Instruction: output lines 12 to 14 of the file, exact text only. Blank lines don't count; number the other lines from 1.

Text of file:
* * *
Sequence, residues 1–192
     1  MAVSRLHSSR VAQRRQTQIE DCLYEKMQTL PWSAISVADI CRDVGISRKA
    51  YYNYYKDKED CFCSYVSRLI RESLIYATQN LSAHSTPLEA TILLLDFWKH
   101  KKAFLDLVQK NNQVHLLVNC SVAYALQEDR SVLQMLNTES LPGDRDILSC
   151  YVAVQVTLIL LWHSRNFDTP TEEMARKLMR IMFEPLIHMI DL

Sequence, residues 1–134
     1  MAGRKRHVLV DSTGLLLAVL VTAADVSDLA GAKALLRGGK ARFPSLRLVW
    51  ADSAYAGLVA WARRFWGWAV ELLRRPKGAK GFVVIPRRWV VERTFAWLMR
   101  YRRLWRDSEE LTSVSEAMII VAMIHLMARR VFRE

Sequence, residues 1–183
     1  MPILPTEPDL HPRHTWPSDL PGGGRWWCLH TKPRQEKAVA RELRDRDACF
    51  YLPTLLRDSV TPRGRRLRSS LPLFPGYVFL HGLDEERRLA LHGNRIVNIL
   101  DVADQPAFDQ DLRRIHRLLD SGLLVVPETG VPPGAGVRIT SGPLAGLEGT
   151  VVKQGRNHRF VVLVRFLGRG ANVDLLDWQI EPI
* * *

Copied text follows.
    51  YLPTLLRDSV TPRGRRLRSS LPLFPGYVFL HGLDEERRLA LHGNRIVNIL
   101  DVADQPAFDQ DLRRIHRLLD SGLLVVPETG VPPGAGVRIT SGPLAGLEGT
   151  VVKQGRNHRF VVLVRFLGRG ANVDLLDWQI EPI